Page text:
First, this morning, David Rosenberg put out an interesting update. He was looking at the recent purchase by India of gold from the IMF. Is it meant as a currency alternative or a way to keep down gold or????
Take a look at the discussion below and the video that follows…
We are still contemplating the massive gold purchase by the Reserve Bank of India — the largest in at least 30 years that took up half of what the IMF intends to sell. Look for China to come in next.
But here is the reality. All India did was bring gold to a 6% share of its total FX reserves from 4%. Fifteen years ago, that representation was closer to 20%. China has increased its gold holdings by 76% over the past six years but they are a mere 1.9% of the aggregate 2.2 trillion of reserves and Russia’s gold holdings is just under 5%. This is not the 1990s when Bob Rubin was running a hard U.S. dollar policy, U.S. fiscal deficits were vanishing and gold production was on the rise. Today’s world is exactly the opposite. Policymakers beginning in the 1990s wanted disinflation and got it. Now they want inflation — it will take years, maybe a decade, but it will come. For the near-term, we are still optimistic on Treasury securities but be forewarned that this view has an expiry date that is earlier than the peak we are likely to see in gold.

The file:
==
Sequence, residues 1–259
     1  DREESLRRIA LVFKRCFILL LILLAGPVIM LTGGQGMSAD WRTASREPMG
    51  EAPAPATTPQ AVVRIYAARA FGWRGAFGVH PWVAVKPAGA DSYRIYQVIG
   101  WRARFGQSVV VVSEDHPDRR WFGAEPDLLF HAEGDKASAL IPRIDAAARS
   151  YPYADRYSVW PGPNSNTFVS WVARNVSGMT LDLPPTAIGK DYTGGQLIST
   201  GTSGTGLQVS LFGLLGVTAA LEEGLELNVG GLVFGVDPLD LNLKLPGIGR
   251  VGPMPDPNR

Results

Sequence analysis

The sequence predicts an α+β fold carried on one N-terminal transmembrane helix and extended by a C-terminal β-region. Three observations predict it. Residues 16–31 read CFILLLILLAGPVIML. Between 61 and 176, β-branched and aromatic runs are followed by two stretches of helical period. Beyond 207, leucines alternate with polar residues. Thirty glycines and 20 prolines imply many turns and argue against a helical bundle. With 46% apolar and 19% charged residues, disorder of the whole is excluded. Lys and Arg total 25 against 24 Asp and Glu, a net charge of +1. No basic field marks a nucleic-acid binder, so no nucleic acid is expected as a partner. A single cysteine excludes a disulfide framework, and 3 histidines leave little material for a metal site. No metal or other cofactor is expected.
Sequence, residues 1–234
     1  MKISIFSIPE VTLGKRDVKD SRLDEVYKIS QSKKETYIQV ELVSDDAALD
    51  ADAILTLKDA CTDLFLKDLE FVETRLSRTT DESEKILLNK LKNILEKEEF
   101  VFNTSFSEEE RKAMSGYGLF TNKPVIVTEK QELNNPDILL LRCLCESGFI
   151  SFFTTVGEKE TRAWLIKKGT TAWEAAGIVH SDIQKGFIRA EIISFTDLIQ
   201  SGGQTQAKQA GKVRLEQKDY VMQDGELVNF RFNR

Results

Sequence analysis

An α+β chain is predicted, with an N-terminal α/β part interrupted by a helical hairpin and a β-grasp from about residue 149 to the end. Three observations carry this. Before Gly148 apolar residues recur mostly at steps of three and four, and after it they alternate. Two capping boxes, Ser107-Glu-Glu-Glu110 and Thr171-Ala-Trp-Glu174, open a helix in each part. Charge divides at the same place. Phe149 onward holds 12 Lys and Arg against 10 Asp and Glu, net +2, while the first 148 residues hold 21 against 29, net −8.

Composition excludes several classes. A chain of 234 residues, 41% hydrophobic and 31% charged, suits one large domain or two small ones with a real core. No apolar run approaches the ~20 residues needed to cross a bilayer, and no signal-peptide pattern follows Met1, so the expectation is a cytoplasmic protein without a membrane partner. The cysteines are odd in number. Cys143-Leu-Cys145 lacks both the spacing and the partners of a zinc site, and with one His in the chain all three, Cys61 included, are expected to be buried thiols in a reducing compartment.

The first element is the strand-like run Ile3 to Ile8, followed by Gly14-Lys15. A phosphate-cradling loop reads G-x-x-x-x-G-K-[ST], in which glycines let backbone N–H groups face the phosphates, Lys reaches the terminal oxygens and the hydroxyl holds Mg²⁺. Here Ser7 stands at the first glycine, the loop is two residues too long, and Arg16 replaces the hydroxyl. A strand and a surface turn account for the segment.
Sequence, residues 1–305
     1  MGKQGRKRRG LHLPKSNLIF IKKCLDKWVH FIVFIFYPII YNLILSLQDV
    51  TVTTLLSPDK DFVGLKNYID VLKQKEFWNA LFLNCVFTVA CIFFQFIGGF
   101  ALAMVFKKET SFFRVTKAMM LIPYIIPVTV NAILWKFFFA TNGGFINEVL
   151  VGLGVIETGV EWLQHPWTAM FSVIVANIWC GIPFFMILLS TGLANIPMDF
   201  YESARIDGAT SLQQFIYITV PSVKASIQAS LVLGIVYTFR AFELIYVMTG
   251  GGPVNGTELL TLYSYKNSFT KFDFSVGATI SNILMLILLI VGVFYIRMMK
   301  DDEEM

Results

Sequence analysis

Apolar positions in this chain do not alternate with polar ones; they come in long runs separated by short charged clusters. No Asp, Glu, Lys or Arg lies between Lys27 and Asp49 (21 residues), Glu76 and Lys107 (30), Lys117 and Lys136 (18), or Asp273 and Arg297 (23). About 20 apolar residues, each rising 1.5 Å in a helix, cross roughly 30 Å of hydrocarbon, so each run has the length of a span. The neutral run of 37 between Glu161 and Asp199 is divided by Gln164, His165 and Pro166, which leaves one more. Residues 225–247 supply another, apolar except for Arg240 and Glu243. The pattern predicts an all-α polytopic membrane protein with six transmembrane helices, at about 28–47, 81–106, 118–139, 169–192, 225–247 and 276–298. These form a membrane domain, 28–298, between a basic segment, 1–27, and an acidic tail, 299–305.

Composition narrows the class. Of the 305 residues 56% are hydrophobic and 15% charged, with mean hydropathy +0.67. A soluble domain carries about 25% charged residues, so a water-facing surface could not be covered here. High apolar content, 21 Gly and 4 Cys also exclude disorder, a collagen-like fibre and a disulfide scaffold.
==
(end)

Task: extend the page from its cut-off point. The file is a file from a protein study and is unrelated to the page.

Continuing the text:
It is very clear that central banks are behaving in a way that would suggest that gold is now again being considered a currency within the global monetary system. As we said before, it is all about relative scarcity and a well-defined supply curve —
Click HERE or the video below